May is Mental Health Month #3

COVID-19’s Impact on Relationships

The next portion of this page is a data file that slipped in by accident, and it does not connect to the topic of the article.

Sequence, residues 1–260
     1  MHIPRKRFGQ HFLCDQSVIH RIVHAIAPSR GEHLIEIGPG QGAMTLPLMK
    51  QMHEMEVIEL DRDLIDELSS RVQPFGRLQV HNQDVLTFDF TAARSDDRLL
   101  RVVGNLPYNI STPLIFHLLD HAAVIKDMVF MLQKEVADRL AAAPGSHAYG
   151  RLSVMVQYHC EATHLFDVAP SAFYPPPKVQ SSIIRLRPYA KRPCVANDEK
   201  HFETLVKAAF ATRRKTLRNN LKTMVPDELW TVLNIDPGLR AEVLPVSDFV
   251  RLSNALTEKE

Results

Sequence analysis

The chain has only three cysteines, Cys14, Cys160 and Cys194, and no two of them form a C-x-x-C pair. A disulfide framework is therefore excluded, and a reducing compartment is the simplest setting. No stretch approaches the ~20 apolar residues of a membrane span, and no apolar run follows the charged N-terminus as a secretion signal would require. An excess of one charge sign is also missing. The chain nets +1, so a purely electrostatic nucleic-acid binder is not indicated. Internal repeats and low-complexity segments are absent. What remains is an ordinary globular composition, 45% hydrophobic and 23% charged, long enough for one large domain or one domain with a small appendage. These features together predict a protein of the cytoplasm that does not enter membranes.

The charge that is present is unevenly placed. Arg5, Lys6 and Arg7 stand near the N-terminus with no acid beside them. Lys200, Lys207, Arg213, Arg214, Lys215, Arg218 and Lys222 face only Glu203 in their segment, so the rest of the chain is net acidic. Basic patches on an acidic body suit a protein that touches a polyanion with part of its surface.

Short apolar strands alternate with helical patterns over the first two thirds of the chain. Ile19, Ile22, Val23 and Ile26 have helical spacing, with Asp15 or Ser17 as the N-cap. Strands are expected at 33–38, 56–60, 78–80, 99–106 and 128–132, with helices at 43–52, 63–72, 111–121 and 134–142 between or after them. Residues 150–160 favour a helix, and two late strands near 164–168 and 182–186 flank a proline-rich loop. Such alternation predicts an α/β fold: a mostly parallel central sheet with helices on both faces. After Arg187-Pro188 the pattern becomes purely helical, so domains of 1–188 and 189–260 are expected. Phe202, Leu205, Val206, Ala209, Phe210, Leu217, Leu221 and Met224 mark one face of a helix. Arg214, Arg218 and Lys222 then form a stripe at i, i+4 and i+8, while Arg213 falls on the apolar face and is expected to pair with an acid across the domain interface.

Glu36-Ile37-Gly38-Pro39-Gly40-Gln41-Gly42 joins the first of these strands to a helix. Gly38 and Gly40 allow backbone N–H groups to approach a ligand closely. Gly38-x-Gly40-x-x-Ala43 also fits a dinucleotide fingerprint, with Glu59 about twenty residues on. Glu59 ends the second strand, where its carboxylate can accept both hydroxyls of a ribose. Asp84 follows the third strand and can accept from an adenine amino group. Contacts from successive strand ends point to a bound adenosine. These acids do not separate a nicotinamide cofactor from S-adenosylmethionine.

AKA Quarantined 60 days and Counting Mental Health Month is a good time to pay attention to the fact that humans are social beings. Relationships are one of the most important aspects of our lives, yet we can often forget just how crucial our connections with other people are for our physical and mental health and well-being. People who are more socially connected to family, friends, or their community are happier, physically healthier and live longer, with fewer mental health problems than people who are less well connected. It’s not just the number of friends you have, and it’s not whether or not you’re in a committed relationship, but it’s the quality of your close relationships that matters. It’s possible to have family, friends and intimate partners and still feel alone, unappreciated, or even unloved. Living in conflict or within a toxic relationship is more damaging than being alone.Like most things worthwhile, quality relationships require some effort to sustain them. Please see the attachment (Relationships Impact Our Mental Health) for more information.  If you would like assistance with improving the quality of a personal or work relationship, contact the EAP at ext. 8720.